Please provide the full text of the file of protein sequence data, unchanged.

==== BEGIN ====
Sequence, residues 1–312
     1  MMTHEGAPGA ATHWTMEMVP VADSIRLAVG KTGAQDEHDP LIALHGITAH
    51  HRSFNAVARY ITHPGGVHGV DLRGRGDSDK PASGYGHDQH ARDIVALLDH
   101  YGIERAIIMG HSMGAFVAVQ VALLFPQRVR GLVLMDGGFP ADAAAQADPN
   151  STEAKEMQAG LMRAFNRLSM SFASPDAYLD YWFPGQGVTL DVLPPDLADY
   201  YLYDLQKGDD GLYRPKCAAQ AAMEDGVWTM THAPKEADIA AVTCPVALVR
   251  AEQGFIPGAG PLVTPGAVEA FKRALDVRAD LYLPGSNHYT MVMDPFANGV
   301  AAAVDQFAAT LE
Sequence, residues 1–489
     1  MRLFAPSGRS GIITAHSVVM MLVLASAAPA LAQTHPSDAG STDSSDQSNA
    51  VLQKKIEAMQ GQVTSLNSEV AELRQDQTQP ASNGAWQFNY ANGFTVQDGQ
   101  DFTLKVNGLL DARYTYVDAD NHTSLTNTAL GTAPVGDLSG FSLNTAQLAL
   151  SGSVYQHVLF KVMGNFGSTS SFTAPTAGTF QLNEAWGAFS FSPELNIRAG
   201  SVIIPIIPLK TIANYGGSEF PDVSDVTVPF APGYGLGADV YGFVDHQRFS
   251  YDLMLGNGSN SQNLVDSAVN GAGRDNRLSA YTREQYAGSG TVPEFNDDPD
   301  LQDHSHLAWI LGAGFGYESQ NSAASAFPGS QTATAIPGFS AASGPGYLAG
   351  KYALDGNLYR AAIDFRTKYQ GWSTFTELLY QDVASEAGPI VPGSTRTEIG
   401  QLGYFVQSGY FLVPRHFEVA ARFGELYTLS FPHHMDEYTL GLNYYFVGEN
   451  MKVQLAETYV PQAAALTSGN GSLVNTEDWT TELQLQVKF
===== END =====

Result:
Sequence, residues 1–312
     1  MMTHEGAPGA ATHWTMEMVP VADSIRLAVG KTGAQDEHDP LIALHGITAH
    51  HRSFNAVARY ITHPGGVHGV DLRGRGDSDK PASGYGHDQH ARDIVALLDH
   101  YGIERAIIMG HSMGAFVAVQ VALLFPQRVR GLVLMDGGFP ADAAAQADPN
   151  STEAKEMQAG LMRAFNRLSM SFASPDAYLD YWFPGQGVTL DVLPPDLADY
   201  YLYDLQKGDD GLYRPKCAAQ AAMEDGVWTM THAPKEADIA AVTCPVALVR
   251  AEQGFIPGAG PLVTPGAVEA FKRALDVRAD LYLPGSNHYT MVMDPFANGV
   301  AAAVDQFAAT LE
Sequence, residues 1–489
     1  MRLFAPSGRS GIITAHSVVM MLVLASAAPA LAQTHPSDAG STDSSDQSNA
    51  VLQKKIEAMQ GQVTSLNSEV AELRQDQTQP ASNGAWQFNY ANGFTVQDGQ
   101  DFTLKVNGLL DARYTYVDAD NHTSLTNTAL GTAPVGDLSG FSLNTAQLAL
   151  SGSVYQHVLF KVMGNFGSTS SFTAPTAGTF QLNEAWGAFS FSPELNIRAG
   201  SVIIPIIPLK TIANYGGSEF PDVSDVTVPF APGYGLGADV YGFVDHQRFS
   251  YDLMLGNGSN SQNLVDSAVN GAGRDNRLSA YTREQYAGSG TVPEFNDDPD
   301  LQDHSHLAWI LGAGFGYESQ NSAASAFPGS QTATAIPGFS AASGPGYLAG
   351  KYALDGNLYR AAIDFRTKYQ GWSTFTELLY QDVASEAGPI VPGSTRTEIG
   401  QLGYFVQSGY FLVPRHFEVA ARFGELYTLS FPHHMDEYTL GLNYYFVGEN
   451  MKVQLAETYV PQAAALTSGN GSLVNTEDWT TELQLQVKF